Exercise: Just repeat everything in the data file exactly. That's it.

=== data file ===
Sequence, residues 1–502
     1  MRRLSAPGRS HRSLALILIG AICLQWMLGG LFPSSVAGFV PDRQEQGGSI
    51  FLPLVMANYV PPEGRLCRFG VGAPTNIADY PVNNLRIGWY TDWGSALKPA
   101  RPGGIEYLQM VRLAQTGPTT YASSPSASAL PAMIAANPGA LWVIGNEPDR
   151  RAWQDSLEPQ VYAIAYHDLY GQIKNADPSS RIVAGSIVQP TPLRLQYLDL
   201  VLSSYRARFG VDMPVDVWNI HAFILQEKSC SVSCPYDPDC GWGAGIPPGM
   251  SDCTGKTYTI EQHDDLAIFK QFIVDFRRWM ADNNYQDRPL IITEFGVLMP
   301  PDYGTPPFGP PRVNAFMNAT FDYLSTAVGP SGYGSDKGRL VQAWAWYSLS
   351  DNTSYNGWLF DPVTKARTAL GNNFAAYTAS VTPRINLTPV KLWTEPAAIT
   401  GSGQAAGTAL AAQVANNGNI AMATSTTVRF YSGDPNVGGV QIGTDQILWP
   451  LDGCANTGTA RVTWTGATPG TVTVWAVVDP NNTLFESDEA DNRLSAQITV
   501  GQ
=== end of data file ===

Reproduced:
Sequence, residues 1–502
     1  MRRLSAPGRS HRSLALILIG AICLQWMLGG LFPSSVAGFV PDRQEQGGSI
    51  FLPLVMANYV PPEGRLCRFG VGAPTNIADY PVNNLRIGWY TDWGSALKPA
   101  RPGGIEYLQM VRLAQTGPTT YASSPSASAL PAMIAANPGA LWVIGNEPDR
   151  RAWQDSLEPQ VYAIAYHDLY GQIKNADPSS RIVAGSIVQP TPLRLQYLDL
   201  VLSSYRARFG VDMPVDVWNI HAFILQEKSC SVSCPYDPDC GWGAGIPPGM
   251  SDCTGKTYTI EQHDDLAIFK QFIVDFRRWM ADNNYQDRPL IITEFGVLMP
   301  PDYGTPPFGP PRVNAFMNAT FDYLSTAVGP SGYGSDKGRL VQAWAWYSLS
   351  DNTSYNGWLF DPVTKARTAL GNNFAAYTAS VTPRINLTPV KLWTEPAAIT
   401  GSGQAAGTAL AAQVANNGNI AMATSTTVRF YSGDPNVGGV QIGTDQILWP
   451  LDGCANTGTA RVTWTGATPG TVTVWAVVDP NNTLFESDEA DNRLSAQITV
   501  GQ